The Canadian nuclear regulator CNSC has published three pre-project design reviews of the Candu Energy EC6, Westinghouse AP1000 and AREVA/MHI ATMEA1 reactor designs, concluding that no fundamental barriers to licensing them in Canada have been found.
However, the reports were each at different stages of the voluntary pre-licencing review process, ranging from preliminary (ATMEA1) to advanced (EC6). All three reviews included post-Fukushima lessons.
The phase 3 Candu EC6 reactor design review, the regulator said, provides a high level of assurance that Candu Energy has taken regulatory requirements and expectations into account. The reactor is a 700MW natural uranium-fuelled, heavy-water moderated, heavy water-cooled pressure-tube design. The review covered safety analysis, control system, classification of systems, structures and components, fuel design, extreme severe accidents (including Fukushima Daiichi lessons learned), and vendors' R&D work, among others. It is a more detailed follow-up of some topics chosen by the vendor, following confirmation of the lack of fundamental barriers to licensing. The regulator said that its approvals required that Candu Energy carry out planned work as agreed. Issues raised include radiation protection design and emergency core cooling system valves.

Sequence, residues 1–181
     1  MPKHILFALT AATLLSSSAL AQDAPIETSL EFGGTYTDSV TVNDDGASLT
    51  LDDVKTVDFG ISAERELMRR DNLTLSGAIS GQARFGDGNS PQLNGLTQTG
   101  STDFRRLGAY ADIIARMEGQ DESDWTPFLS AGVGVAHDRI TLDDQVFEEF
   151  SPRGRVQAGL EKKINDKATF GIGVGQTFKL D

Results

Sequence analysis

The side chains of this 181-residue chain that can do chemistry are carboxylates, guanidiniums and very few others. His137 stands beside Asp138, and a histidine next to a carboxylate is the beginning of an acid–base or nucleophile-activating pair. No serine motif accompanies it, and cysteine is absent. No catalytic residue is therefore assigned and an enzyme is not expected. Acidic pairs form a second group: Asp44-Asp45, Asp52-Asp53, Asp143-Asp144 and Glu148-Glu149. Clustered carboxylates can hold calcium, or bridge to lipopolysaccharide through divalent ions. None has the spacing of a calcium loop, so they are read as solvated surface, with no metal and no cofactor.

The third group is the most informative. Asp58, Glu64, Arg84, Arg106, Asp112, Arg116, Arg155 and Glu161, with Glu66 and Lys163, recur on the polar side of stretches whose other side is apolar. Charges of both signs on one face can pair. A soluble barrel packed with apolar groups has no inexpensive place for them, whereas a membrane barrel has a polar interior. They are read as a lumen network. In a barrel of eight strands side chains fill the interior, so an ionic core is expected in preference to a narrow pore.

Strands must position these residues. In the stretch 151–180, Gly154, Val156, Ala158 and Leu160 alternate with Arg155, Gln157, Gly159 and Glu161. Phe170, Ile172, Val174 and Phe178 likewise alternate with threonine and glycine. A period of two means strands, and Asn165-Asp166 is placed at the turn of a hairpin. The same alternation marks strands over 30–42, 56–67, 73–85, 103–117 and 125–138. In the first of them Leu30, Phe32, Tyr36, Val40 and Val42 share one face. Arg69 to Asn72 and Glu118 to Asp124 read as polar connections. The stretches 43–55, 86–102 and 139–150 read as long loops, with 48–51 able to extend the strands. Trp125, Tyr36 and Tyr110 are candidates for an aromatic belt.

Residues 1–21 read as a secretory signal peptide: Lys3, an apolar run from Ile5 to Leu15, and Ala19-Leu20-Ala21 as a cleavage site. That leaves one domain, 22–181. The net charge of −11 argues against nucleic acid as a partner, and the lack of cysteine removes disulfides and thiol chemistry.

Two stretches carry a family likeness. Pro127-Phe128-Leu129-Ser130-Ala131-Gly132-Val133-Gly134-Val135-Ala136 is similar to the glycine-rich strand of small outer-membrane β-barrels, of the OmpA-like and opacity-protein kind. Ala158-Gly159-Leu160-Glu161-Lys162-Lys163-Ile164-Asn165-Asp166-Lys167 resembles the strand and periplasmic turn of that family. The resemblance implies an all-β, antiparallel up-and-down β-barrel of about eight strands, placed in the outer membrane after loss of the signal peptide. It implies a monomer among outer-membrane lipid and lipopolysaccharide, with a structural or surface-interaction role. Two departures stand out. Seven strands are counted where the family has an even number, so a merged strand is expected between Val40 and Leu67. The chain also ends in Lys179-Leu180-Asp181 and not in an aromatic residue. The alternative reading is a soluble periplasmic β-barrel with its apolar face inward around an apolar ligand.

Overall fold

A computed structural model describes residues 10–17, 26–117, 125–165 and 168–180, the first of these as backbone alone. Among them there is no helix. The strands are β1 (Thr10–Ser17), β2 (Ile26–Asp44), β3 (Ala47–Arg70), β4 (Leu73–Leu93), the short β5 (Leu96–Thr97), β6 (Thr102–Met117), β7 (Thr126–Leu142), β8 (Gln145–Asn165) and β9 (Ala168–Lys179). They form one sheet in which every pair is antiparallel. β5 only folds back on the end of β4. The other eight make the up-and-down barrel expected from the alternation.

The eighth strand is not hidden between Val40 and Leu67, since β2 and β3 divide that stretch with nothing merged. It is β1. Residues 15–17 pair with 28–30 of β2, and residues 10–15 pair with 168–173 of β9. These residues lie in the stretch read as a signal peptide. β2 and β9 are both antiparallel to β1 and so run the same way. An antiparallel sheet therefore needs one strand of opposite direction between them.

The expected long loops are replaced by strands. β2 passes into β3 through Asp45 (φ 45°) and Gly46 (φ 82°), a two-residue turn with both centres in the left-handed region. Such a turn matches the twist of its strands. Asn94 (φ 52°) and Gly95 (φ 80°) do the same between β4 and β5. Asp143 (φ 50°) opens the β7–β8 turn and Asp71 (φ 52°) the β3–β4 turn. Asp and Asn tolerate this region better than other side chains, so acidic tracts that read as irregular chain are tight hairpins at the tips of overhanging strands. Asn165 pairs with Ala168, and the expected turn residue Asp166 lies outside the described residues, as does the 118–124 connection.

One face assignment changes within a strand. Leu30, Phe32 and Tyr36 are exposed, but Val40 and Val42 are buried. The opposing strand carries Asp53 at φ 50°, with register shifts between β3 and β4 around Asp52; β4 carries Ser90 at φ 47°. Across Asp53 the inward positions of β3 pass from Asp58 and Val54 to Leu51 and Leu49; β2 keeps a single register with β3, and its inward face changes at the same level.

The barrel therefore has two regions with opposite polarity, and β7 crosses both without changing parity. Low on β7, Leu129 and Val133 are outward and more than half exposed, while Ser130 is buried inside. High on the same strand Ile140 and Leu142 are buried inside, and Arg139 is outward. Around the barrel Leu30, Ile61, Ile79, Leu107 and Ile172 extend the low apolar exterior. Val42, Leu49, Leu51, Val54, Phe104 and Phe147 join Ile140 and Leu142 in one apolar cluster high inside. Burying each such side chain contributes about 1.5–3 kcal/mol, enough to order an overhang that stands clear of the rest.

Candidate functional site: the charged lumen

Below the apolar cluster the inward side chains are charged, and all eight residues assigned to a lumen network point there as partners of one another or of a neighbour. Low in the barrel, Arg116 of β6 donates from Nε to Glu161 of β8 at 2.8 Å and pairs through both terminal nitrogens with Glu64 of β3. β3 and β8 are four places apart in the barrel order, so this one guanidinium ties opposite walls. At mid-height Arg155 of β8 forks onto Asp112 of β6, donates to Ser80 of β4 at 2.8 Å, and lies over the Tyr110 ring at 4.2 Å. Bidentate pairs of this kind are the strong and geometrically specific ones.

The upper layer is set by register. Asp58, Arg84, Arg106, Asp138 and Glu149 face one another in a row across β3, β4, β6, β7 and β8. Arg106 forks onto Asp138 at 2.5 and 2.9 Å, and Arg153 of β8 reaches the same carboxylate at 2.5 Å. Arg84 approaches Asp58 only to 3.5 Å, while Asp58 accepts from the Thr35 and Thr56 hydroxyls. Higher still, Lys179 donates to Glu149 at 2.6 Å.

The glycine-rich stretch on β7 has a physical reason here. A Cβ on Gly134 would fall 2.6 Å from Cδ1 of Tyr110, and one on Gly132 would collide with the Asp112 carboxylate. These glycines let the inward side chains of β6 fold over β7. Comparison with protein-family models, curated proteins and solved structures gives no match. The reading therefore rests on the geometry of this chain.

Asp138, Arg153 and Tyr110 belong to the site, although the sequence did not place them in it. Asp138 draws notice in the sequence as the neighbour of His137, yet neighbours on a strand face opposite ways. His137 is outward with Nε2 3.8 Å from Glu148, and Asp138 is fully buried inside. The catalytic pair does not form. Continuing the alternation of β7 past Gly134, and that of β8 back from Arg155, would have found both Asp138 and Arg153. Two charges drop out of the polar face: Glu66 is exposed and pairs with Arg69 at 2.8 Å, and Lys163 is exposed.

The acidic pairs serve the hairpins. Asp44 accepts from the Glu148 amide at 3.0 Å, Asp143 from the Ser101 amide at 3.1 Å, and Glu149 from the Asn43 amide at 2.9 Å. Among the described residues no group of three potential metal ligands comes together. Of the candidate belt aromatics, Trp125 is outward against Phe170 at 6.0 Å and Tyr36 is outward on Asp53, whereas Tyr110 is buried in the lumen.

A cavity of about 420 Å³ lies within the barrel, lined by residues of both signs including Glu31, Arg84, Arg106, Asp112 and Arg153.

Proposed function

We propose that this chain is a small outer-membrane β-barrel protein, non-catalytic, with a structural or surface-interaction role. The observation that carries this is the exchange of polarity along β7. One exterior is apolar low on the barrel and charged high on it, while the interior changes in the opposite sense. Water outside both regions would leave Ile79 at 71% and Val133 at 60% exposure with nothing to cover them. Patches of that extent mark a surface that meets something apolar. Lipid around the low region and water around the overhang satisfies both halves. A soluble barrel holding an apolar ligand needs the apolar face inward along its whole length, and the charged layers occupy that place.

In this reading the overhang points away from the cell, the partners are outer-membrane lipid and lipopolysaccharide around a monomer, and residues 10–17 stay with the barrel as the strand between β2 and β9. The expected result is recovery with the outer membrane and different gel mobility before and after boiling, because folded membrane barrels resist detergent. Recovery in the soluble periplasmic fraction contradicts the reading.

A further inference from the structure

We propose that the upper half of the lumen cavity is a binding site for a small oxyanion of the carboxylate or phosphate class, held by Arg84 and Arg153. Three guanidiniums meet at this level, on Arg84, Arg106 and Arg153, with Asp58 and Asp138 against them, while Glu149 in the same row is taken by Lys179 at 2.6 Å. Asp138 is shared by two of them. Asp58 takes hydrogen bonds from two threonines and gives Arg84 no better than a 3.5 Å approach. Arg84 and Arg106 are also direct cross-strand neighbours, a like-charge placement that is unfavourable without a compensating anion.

The phase 2 Westinghouse AP1000 reactor (design control document revision 19) design review provided the vendor with additional assurance that Westinghouse has taken regulatory requirements into account. It said that there are no fundamental barriers to licensing, provided that Westinghouse resolve key findings from the stage 2 review. These include beyond design-basis accidents and severe accidents, security, and performing an upgrade of control systems and facilities to meet the new Canadian new-build code, RD-337. The regulator also noted that some issues relating to security and beyond-design basis accidents could not be reviewed due to US NRC security information restrictions.
CNSC found that the ATMEA1 design is compliant with CNSC requirements and expectations, and that the vendor understands Canadian regulatory requirements. CNSC did say that its conclusions depended on ATMEA putting in extra work in Canadian codes and standards for the 1000MWe PWR design.
The achievement of a 'no fundamental barriers'-type approval for a PWR in Canada is significant because all operating Canadian reactors are pressurised heavy water-type designs.
In June 2012, Ontario Power Generation signed agreements with Candu Energy and Westinghouse to prepare detailed construction plans, schedules and cost estimates for two potential nuclear reactors at Darlington. Those reports were due in summer 2013.
Picture: EC6 reactor from Candu Energy